Support is being offered to help people overcome Blue Monday on Monday January 19th, 2015 the symbolically ‘most depressing day of the year’ – with activities to turn it into a day of ‘binge happiness’ – and also raise awareness and funds for mental health charities.

The combination of general economic gloom coupled with the domestic grief of unpaid bills, broken New Year resolutions, bad weather, and for many who get paid earlier in December having to make last month’s pay check stretch longer, contribute to the Blue Monday feeling.

A special campaign web site, is offering practical advice to tackle the effects of Blue Monday, the symbolic date for the low point in the year, along with a special  ‘5 stage Binge Happiness Work-Out’ programme to help people to make themselves happier.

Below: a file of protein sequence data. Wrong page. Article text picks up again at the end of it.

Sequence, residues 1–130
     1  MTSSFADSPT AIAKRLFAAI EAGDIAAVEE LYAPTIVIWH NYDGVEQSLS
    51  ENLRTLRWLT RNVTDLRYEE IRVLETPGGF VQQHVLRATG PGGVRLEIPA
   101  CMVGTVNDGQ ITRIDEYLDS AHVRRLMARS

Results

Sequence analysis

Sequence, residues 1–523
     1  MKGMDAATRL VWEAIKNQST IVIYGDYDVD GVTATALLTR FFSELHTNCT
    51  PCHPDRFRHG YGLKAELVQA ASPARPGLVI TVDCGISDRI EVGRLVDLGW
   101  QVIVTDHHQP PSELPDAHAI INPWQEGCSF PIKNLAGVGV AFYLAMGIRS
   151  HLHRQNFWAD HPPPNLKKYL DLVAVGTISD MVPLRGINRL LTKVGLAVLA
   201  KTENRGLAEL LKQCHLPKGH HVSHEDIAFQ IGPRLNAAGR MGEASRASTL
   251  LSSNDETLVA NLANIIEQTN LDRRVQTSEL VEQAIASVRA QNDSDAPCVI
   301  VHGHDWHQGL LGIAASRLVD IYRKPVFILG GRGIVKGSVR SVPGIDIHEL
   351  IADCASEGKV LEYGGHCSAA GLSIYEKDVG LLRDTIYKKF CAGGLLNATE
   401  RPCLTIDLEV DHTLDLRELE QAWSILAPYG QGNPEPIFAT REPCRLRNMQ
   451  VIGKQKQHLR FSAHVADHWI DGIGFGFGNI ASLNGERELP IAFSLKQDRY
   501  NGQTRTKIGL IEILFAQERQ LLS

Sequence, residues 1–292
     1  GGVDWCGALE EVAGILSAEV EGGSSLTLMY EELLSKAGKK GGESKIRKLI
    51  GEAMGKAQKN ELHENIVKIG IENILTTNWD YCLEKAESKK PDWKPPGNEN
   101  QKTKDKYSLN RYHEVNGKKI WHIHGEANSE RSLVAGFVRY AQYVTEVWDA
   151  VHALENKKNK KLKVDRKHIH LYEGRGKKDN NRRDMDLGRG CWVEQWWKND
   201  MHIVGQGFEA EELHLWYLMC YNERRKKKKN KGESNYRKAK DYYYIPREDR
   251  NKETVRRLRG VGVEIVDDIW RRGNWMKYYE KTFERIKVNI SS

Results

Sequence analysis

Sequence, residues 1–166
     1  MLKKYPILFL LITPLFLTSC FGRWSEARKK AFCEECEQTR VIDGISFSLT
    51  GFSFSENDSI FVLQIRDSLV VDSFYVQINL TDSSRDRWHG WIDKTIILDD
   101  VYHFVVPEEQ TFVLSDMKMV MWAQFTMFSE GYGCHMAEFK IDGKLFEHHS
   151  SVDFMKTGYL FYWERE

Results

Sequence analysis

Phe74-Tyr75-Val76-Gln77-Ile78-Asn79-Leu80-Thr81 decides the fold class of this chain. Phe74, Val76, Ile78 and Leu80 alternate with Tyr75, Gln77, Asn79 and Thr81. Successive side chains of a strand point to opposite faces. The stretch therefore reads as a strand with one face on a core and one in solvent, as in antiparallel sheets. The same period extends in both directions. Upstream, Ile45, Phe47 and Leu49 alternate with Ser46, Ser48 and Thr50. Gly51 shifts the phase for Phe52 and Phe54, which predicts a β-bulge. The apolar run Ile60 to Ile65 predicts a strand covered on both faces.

Campaigners are aiming to reduce stigma associated with depression by talking about it and using the day as a springboard to improve quality of life by promoting and encouraging more happiness.

Blue Monday has evolved from an idea originally conceived by Cliff Arnall, formerly of Cardiff University, who created a formula to identify a number of the elements contributing to a general feeling of mid winter blues.

Advice for making you feel better during Blue Monday includes keep active, eat well, keep in touch with friends and family, care for others, do something you are good at, ask for help, accept who you are, talk about your feelings, take a break and drink sensibly.